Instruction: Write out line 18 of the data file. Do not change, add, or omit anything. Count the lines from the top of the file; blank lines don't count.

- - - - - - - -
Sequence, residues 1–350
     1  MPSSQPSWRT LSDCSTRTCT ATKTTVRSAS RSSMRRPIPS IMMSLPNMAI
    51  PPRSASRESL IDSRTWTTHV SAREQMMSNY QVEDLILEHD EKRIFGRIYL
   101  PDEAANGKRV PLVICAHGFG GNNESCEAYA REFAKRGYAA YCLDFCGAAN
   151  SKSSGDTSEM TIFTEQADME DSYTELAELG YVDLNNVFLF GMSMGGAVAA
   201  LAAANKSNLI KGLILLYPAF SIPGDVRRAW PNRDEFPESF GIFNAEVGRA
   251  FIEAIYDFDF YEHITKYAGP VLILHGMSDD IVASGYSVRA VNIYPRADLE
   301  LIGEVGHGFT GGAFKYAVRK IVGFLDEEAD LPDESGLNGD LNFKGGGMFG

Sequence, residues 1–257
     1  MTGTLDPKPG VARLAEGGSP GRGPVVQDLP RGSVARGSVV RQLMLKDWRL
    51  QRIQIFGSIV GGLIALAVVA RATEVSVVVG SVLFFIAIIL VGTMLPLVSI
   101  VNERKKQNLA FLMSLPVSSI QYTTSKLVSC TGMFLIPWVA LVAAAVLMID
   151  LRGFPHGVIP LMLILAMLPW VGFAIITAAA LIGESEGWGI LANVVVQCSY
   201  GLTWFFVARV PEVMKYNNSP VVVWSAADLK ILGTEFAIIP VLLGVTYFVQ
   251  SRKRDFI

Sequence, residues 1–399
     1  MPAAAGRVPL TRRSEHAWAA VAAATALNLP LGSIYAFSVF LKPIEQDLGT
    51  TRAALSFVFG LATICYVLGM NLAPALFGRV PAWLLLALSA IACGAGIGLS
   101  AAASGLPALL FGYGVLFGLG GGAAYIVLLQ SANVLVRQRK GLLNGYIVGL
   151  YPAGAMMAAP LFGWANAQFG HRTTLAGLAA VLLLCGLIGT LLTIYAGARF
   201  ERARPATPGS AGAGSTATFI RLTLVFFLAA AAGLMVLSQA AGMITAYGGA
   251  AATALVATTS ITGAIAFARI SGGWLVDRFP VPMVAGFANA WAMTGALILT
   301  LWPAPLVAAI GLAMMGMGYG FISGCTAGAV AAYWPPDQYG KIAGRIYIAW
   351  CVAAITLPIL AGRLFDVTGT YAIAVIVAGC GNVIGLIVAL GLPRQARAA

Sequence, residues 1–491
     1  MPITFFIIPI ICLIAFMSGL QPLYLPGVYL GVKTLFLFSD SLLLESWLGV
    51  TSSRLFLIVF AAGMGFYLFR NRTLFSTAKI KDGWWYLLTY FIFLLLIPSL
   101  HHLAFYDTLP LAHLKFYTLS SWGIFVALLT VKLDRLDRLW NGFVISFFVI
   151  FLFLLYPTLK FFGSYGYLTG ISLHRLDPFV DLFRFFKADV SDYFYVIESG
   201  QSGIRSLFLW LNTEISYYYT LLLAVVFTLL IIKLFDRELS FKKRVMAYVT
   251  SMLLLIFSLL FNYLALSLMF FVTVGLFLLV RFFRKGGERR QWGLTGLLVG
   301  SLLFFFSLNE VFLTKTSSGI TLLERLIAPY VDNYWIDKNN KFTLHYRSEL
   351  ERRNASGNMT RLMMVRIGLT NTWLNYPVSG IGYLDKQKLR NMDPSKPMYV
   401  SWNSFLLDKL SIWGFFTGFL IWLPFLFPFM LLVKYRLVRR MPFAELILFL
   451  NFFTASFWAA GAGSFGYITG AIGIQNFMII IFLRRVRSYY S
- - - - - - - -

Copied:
    51  TRAALSFVFG LATICYVLGM NLAPALFGRV PAWLLLALSA IACGAGIGLS